G23: Austin Smith

The Next Generation of Social Justice | with Austin Smith

Austin Smith just graduated in the class of 2020 from Bexley High School. He will be attending Ohio State University this fall to study biology and Spanish with a focus on pre-med. He’s also passionate about investing, specifically in stocks and real estate. This summer he plans to intern to learn more about the medical field.

As a child, Austin went to Columbus Montessori. That school taught him to work with others, and that’s a lesson he’s carried with him until now. Even at a young age he tried to be a leader and teach other kids how to count, and in hindsight, that feeling of wanting to help others has always been there.

In the second, fourth, and sixth grades, Austin had to undergo leg surgery because of a condition he was born with. Because of that, he was forced to use a walker. Despite this difficulty, he never let it hold him back — he was known on the playground as the cheetah, running around on four legs. He always made the most of it.

During these past few weeks, he’s been involved with numerous peaceful protests in downtown Columbus. Going to these protests made Austin feel like people were there for him, and he wanted more people to experience that feeling. He began organizing his own peaceful protests, which eventually led to the founding of the Bexley Anti-Racism Project which is completely run by Bexley graduates.

With the protests around the country, we are starting to see awareness making an impact in people’s lives. Now we are waiting for legislation to stop the perpetuation of racism and disparities in the criminal justice and healthcare systems. These protests aren’t going to last forever, but we can make long-lasting changes while they’re around.

We need to fight to end racism. We need to stop being complicit. When we see acts of racism, we can’t stand back and say that fight is not for us. And we need more education on the history of racism, something that we don’t get much of in school without opting into it. If the school system is failing our kids, take it upon ourselves to give them the education they need regarding this topic. There is only so much we can all do as individuals, but if we all do what we can, we can make a difference.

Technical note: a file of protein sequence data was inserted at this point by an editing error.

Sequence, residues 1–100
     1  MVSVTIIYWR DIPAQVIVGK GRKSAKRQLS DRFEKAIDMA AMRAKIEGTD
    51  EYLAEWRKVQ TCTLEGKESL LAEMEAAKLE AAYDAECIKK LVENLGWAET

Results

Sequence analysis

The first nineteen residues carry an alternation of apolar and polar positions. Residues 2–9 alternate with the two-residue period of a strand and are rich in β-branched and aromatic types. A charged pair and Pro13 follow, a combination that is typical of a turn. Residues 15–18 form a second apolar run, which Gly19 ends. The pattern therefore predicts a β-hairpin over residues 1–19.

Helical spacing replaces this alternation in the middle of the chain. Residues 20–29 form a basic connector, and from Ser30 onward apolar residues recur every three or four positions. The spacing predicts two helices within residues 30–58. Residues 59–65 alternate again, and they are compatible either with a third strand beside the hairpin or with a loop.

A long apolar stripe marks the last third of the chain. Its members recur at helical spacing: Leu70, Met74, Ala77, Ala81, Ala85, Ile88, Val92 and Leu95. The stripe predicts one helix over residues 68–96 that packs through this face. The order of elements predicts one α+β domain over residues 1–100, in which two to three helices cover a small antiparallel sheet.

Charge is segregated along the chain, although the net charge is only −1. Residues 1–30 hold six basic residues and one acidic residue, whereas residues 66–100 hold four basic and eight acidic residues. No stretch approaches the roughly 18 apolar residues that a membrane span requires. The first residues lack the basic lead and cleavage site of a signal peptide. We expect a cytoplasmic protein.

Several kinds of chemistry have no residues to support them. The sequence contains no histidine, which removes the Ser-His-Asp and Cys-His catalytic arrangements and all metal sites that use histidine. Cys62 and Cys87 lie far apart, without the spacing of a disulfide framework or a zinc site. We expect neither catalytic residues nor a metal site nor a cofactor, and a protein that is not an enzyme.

What Brett asks:

  • [02:18] Can you share with us what your early childhood looked like?
  • [03:44] Is being a leader just part of your DNA?
  • [09:49] How were you supported, or not supported, at Bexley?
  • [12:37] What was it like being a black man at Bexley and what led you to found this anti-racism project there?
  • [16:18] What is the dialogue between sports versus academics in the African-American community?
  • [22:28] What has the murder of George Floyd felt like for you?
  • [25:22] Do you think it’s possible that people will start to understand the fear Black people live with every day in this country?
  • [27:33] Can you talk about any actionable steps we need to be taking as a country?
  • [41:24] What are your thoughts on defunding the police?
  • [44:46] Is there anything else that needs to be said that we should talk about?
  • [47:07] Where is your head at when thinking about your future?

Lessons for intentional living:

  • Doing nothing is not a neutral action. Sometimes we feel that it is not our place to say or do something, but when we see wrongs in the world and say nothing about them, we are complicit in their perpetuation. If you see acts of racism, you need to be willing to speak up.